Malaysia's first Islamically-compliant airline was suspended for three months for failure to adhere to aviation regulations, a senior official said yesterday, as the government announced a safety audit of the carrier. "Rayani Air has been suspended for three months," Azharuddin Abdul Rahman, director-general of Malaysia's Department of Civil Aviation, told AFP.
"They contravened civil aviation regulations," he said, declining to elaborate. Muslim flight crew would wear hijab, while non-Muslim crew was forbidden from wearing revealing clothing while working with Rayani Air, which began flights in December. In-flight meals were completely halal and alcohol consumption was strictly banned. In recent weeks, however, the carrier had drawn increasing criticism from passengers and the government, due to last-minute delays and cancellations. Pilots for Rayani, which operates two Boeing 737-400s, had gone on strike, further damaging their image. Rayani Air said yesterday in a Facebook post that it was working hard to "to solve our internal matters and get Rayani back on track".
Transport Minister Liow Tiong Lai tweeted on Saturday that the Department of Civil Aviation (DCA) would conduct a safety audit before allowing the airline to fly again.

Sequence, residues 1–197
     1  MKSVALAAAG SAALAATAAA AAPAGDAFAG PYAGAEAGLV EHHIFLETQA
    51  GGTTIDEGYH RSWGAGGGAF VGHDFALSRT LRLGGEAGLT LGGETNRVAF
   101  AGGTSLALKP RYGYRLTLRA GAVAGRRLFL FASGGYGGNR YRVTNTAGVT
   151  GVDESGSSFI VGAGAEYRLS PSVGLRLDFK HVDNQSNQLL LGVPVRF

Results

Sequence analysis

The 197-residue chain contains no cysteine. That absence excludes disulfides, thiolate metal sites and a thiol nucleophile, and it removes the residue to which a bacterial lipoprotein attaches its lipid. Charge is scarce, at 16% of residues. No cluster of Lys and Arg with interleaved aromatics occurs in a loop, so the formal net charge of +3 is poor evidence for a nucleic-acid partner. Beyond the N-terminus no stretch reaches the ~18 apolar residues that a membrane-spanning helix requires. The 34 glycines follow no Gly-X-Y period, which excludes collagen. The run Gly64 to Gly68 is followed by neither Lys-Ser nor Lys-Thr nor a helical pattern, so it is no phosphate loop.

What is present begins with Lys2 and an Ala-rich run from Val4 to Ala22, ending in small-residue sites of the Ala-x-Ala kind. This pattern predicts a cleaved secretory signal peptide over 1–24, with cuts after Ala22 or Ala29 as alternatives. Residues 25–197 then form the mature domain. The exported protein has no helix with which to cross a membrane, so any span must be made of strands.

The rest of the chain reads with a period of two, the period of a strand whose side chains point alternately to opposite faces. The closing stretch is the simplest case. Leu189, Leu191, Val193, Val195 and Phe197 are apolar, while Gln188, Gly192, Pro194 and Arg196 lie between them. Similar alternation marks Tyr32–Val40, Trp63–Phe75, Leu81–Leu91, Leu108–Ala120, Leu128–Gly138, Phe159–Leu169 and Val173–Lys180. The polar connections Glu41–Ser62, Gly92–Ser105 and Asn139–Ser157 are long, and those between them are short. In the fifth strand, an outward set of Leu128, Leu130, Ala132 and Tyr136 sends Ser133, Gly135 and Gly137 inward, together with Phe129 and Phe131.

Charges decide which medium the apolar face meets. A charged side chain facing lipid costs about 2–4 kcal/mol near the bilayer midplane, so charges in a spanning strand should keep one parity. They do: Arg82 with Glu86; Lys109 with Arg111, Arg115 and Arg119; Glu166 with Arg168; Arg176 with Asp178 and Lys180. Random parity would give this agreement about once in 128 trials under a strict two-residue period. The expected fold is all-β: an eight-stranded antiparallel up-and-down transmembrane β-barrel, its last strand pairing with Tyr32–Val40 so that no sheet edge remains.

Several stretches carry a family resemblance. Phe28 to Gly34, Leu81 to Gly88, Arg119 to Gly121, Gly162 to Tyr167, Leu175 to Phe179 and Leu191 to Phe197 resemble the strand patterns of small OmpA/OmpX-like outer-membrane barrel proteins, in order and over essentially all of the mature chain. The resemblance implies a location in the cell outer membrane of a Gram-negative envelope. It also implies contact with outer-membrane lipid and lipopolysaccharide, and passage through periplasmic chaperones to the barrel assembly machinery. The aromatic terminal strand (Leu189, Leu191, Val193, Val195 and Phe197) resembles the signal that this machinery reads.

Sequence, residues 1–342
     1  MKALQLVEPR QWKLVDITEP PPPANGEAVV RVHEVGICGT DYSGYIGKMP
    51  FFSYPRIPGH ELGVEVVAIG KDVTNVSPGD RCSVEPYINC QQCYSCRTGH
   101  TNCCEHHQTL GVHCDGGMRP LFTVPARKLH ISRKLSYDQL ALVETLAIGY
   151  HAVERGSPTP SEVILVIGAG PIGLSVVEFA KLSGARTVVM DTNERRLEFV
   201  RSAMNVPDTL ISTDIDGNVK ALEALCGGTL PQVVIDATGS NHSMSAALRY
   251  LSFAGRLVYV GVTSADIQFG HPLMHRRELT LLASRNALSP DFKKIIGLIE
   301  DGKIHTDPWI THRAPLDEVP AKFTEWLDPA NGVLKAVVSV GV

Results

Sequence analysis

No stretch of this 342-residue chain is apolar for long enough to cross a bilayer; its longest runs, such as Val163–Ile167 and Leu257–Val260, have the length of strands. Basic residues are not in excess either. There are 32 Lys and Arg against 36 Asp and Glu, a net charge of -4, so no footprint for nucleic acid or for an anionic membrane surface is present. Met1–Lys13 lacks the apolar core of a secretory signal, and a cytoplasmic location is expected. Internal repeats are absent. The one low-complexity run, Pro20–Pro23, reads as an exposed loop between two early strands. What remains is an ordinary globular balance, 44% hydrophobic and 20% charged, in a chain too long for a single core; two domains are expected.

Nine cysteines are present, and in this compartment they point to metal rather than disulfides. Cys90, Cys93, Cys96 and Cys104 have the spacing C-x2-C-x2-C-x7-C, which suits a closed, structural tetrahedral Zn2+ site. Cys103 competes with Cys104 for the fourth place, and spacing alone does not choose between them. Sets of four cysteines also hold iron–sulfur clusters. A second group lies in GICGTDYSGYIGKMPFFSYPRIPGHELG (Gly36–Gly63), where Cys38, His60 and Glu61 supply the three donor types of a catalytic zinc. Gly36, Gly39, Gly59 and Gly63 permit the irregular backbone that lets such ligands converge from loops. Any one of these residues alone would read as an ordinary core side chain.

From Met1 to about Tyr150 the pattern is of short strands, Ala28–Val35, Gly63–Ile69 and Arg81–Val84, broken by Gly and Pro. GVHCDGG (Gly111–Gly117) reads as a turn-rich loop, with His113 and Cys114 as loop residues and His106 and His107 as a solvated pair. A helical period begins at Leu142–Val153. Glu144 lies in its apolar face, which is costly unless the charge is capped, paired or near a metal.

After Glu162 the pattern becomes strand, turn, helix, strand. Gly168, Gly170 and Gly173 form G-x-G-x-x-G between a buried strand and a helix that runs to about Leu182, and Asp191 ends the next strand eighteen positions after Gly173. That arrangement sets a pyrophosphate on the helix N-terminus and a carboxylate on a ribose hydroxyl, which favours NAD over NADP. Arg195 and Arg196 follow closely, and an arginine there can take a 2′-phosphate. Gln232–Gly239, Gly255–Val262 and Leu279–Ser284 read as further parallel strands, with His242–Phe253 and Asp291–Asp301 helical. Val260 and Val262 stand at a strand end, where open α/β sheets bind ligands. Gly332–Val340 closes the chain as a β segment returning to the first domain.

"DCA will undertake a full administration and safety audit to determine if Rayani is 'fit' for AOC (aviation operating certificate) after serving a provisional suspension," he wrote. Liow also expressed disappointment at Rayani's conduct, despite previous warnings over "poor procedures and service level". The suspension comes just two years after Malaysia faced twin aviation disasters. Malaysia Airlines flight MH-17 was shot down in July 2014 over the rebel-held eastern provinces of Ukraine by a missile strike, killing all 298 people on board. Australia is leading the search for Malaysia Airlines flight MH-370 in the remote Indian Ocean, where the Beijing-bound plane is believed to have diverted when it disappeared on March 8, 2014 carrying 239 passengers and crew.